The Chinese Bookshelf of Islam: A World Religion’s Place in Modern China’s Literary Landscape (2022-)
After a prolonged stay in Shanghai studying Mandarin Anton received his BA in Area Studies with a focus on East Asia and a minor of Classical Chinese Literature from Humboldt University of Berlin. He did his MA at Freie Universität Berlin researching Chinese ethnic nationalism and Muslim identity construction in the early twentieth century. Meanwhile he also has been a student at the Chinese University of Hong Kong, National Taiwan University and Beijing University. Anton has been working as a librarian at the Zweigbibliothek Asien-/Afrikawissenschaften und Islamische Theologie organizing Chinese literature. Since October 2022 Anton Terhechte is a PhD candidate at the EXC 2020 “Temporal Communities: Doing Literature in a Global Perspective” and the Friedrich Schlegel Graduiertenschule für Literaturwissenschaftliche Studien researching the classification and organization of Islamic Literature on the bookshelves of Modern China.
Doctoral Research Project: The Chinese Bookshelf of Islam: A World Religion’s Place in Modern China’s Literary Landscape (2022-) (Anton Terhechte, M.A.)
Cluster project: The Invention of the Modern Religious Bookshelf: Canons, Concepts and Communities (2022-) (Prof. Dr. Christian Meyer)
Research Area 3: “Future Perfect”
In his dissertation project, Anton Terhechte is researching the (re)classification and (re)organization of religious literature in modern China, with a special focus on Islam. In the modern period religious literature has been reorganized and made accessible globally on what might be called the “Modern Religious Bookshelf” - separated from the belle-lettres or literature in its narrower modern sense. It thus has broken up formerly independent religious literary canons and rearranged them into a new ‘universal’ religious canon that speaks both to and of a trans-local and trans-temporal community of religious practitioners and readers.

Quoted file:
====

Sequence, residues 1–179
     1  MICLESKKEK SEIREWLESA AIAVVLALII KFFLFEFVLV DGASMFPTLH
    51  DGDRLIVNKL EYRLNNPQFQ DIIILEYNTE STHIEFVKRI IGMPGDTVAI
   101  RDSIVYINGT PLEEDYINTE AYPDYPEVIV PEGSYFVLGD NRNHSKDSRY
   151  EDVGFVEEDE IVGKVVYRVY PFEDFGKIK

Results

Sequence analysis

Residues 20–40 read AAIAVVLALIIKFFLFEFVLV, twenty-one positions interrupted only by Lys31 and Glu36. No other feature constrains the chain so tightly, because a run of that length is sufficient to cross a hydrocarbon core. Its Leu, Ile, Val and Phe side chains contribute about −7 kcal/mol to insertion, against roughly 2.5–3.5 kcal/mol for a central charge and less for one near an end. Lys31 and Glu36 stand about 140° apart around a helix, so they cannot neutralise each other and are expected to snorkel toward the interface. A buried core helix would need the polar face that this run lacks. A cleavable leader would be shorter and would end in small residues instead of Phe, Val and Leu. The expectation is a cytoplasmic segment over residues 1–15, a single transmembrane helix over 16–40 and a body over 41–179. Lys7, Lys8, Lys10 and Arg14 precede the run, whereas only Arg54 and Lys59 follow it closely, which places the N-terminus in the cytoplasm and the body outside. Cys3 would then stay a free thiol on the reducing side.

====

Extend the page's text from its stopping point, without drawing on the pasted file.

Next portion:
The entanglement of China’s unique literary tradition and knowledge system and its modern transformation, Islam’s conflicted history within that and its ambiguous role as a world religion itself seems understudied and lacking theoretical conceptualization. Looking at Islam, particularly within the frame of China’s ‘literary landscape’, the project thus aims to transcend common configurations of Orientalism as a binary matter. In order to add to our understanding of the hegemonic globalization of Western knowledge systems manifested in the modern organization of literature. Such organization is understood as a normative and discursive practice. Taking into account a non-Western and authoritarian society and political system such as China, the project investigates the possible existence of ‘deviant canons’ of Islamic literature that are not approved by the state. It scrutinizes China’s particularistic ideology of cultural practice and values against the universalist idea of a global religious community and history.
The ‘modern bookshelf’ advances the material turn , it focuses on infrastructure in the study of religion and literature and draws from the Actor-network theory among others in its methodological approach. The bookshelf is hereby thought of both in the very physical sense of the word as well as the cataloging systems of libraries and bookstores that classify and organize literature in modern China.